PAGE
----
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King Kong

Kong will save your soul, and not merely in the tawdry biblical sense: I mean that he will put his body between you and the powers that want to squash you like a grape.
If you don’t believe me ask Ann Darrow (Naomi Watts), a depression-era bimbo who faces the onslaught of the capitalist machine. Before Kong she begged on the street, stole, and nearly turned to a life of prostitution. She is Kong’s Mary Magdalene, evidence of both his power and his forgiveness.
King Kong is class warfare masquerading as kitsch, or kitsch with artistic aspirations. Weaving Kong back into the fabric of American history, director Peter Jackson has created an unlikely Grapes of Wrath with what has been often been dismissed as a simple story of bestiality. Reattaching the beast to his historical situation – that is, 1933 social Darwinism manifest in the Great Depression – Jackson constructs a powerful and odd morality tale without detracting in any way from the original King Kong.
In a strange reversal, it’s Ann who becomes the star of King Kong; Ann whose covering shadow eclipses the behemoth, even as she hides behind him; Ann who is the central figure of Jackson’s film.
Ann is “rescued” from the streets by producer Carl Denham (Jack Black) when she’s hired as an actress in his adventure film, but he doesn’t have altruistic intensions. When she boards the Venture – as in Venture Capitalist, in case you don’t get it – she finds herself mainly acting as Denham’s puppet. Always willing to please, she obeys his every wish, secretly hoping that the film’s moody writer Jack Driscoll (Adrien Brody) will save her.
Ann knows that the film will exploit her, as the system has exploited her, leaving her poor and broken in the end while men like Denham somehow succeed. Denham, however, doesn’t merely want to use Ann: He wants to sacrifice her first to the film, which also coincidently kills four poor men, and later to Kong, who represents pure capital to the producer.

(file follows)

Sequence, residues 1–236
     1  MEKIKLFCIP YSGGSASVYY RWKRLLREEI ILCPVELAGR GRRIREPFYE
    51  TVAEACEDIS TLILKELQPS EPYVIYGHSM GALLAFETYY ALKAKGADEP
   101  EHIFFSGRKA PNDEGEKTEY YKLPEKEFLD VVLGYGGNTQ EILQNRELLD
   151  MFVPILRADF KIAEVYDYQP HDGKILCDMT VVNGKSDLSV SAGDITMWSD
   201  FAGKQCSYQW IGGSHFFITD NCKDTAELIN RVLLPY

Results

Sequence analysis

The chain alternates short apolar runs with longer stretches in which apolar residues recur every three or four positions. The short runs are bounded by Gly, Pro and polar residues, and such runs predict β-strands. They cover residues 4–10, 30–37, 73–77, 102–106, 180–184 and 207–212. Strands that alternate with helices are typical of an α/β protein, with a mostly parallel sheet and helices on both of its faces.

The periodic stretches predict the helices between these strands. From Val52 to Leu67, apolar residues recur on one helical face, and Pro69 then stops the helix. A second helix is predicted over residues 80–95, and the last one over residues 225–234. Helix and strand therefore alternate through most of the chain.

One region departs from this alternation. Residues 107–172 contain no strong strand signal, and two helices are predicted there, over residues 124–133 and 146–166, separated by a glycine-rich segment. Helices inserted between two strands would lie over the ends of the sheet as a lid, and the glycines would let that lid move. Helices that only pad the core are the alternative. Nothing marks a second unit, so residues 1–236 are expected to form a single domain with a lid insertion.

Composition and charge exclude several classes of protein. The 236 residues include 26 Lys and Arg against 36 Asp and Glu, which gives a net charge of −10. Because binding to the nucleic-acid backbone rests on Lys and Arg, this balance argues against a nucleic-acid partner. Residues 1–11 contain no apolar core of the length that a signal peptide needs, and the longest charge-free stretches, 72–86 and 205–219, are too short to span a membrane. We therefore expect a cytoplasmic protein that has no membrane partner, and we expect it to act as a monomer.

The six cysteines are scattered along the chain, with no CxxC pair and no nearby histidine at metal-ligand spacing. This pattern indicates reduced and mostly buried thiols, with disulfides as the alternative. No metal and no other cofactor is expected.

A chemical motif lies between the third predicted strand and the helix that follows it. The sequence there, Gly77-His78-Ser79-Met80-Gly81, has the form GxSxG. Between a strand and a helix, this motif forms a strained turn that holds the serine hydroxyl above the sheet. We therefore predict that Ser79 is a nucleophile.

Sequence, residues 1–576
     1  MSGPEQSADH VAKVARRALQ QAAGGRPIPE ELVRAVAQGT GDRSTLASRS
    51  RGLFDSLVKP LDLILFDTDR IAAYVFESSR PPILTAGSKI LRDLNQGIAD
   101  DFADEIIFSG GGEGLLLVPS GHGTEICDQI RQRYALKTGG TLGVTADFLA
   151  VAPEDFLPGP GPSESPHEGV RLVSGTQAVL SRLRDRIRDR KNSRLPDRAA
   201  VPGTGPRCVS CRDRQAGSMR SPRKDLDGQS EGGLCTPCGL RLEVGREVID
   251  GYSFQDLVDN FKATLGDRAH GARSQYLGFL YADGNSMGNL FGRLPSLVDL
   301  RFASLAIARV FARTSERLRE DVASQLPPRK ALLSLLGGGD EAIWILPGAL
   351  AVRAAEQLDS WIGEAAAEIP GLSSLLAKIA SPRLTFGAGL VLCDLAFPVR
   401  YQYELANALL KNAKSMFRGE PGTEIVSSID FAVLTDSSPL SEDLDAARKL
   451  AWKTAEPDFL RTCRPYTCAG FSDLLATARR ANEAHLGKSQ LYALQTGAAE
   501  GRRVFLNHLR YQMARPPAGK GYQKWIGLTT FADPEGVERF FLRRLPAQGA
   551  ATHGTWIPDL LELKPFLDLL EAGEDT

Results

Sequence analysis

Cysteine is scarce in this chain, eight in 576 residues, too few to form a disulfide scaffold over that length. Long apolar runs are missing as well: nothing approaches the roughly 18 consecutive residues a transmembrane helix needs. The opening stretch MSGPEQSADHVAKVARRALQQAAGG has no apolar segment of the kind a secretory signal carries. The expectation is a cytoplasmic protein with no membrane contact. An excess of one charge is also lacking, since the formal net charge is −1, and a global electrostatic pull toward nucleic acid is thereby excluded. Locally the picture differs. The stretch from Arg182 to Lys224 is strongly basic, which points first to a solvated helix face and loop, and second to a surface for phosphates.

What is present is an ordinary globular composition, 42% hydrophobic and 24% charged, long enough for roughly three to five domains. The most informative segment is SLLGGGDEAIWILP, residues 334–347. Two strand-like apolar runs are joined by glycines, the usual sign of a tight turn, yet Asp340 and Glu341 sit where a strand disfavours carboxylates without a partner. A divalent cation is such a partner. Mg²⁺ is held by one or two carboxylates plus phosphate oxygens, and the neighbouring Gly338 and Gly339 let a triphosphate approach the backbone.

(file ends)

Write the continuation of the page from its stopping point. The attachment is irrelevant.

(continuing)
Unfortunately for Denham, Kong don’t play that game. In his world the beast rules absolutely, not by virtue of his value within the complex and arbitrary matrix of capitalism, but because he is strength and goodness incarnate. He is as swift and vengeful as the Old Testament, but he is also just. He does not accept Ann as a sacrifice, isn’t bought off by Denham’s petty bribe, instead transforming her into an object of love.
Ann is ecstatic with the relationship, too. When big lizards try to eat her, Kong destroys them. When she’s scared she hides behind the giant, secure for the first time in her life, happy to have finally found a man big enough to guard her against the brutalities of the world, her one certain thing. Sure, she still dances for the man, but this man won’t abandon her to the not-so-tender mercies of capitalism.
But Driscoll skulks into Kong’s liar and steals Ann, who had fallen asleep literally in the monster’s hand. Incensed, the monster charges after them and directly into a trap, but not before Ann breaks down into tears, not for the 17 men destroyed by Kong, but for the beast itself. Because although Kong is king in his jungle, he’s just another lazy ape in New York City and she knows that his brute power can’t match the march of the capitalist machine.
Back in the steel and concrete jungle, Denham begins the magic trick of turning the real-life mystery that is Kong into hard currency. Cashing in on Kong is as easy as selling tickets to the best crucifixion in the world, and I don’t mean this as an idle reference: Jackson very deliberately evokes the image of Christ on the cross with Kong. In any case, after he breaks free of his shackles Kong rampages through the city, eventually finding Ann (of course), and the two frolic in the autumn mist like lovebirds.
It looks as though Kong still can protect Ann, as though his power has somehow remained intact even away from Skull Island, but he begins to fade when he tries to scale the Empire State Building, the day’s symbol of economic power. Ann steps out in front of Kong as biplanes circle them, trying to protect the big ape, but the beast is already dead.
Denham’s final judgment that “it was beauty that killed the beast” is grandstanding of the worst order, of course, but it’s also an alibi to protect capitalism. No, it wasn’t beauty that killed Kong, it was guns, stupid. Beauty is what kept him alive even within the heart of the machine.

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